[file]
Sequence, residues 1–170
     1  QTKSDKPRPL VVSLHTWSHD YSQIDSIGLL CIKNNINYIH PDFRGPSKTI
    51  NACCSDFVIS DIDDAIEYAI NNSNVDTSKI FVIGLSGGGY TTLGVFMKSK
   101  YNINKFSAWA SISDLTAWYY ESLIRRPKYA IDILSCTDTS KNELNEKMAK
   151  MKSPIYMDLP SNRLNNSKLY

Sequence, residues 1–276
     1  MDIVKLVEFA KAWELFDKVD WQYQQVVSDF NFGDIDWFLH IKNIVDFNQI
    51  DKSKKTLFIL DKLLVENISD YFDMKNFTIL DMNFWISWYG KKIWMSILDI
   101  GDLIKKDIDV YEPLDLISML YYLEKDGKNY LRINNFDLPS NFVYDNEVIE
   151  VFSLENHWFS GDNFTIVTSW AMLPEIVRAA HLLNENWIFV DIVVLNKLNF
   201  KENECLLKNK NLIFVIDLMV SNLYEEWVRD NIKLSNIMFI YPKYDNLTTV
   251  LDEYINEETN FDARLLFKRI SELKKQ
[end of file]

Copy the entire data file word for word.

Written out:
Sequence, residues 1–170
     1  QTKSDKPRPL VVSLHTWSHD YSQIDSIGLL CIKNNINYIH PDFRGPSKTI
    51  NACCSDFVIS DIDDAIEYAI NNSNVDTSKI FVIGLSGGGY TTLGVFMKSK
   101  YNINKFSAWA SISDLTAWYY ESLIRRPKYA IDILSCTDTS KNELNEKMAK
   151  MKSPIYMDLP SNRLNNSKLY

Sequence, residues 1–276
     1  MDIVKLVEFA KAWELFDKVD WQYQQVVSDF NFGDIDWFLH IKNIVDFNQI
    51  DKSKKTLFIL DKLLVENISD YFDMKNFTIL DMNFWISWYG KKIWMSILDI
   101  GDLIKKDIDV YEPLDLISML YYLEKDGKNY LRINNFDLPS NFVYDNEVIE
   151  VFSLENHWFS GDNFTIVTSW AMLPEIVRAA HLLNENWIFV DIVVLNKLNF
   201  KENECLLKNK NLIFVIDLMV SNLYEEWVRD NIKLSNIMFI YPKYDNLTTV
   251  LDEYINEETN FDARLLFKRI SELKKQ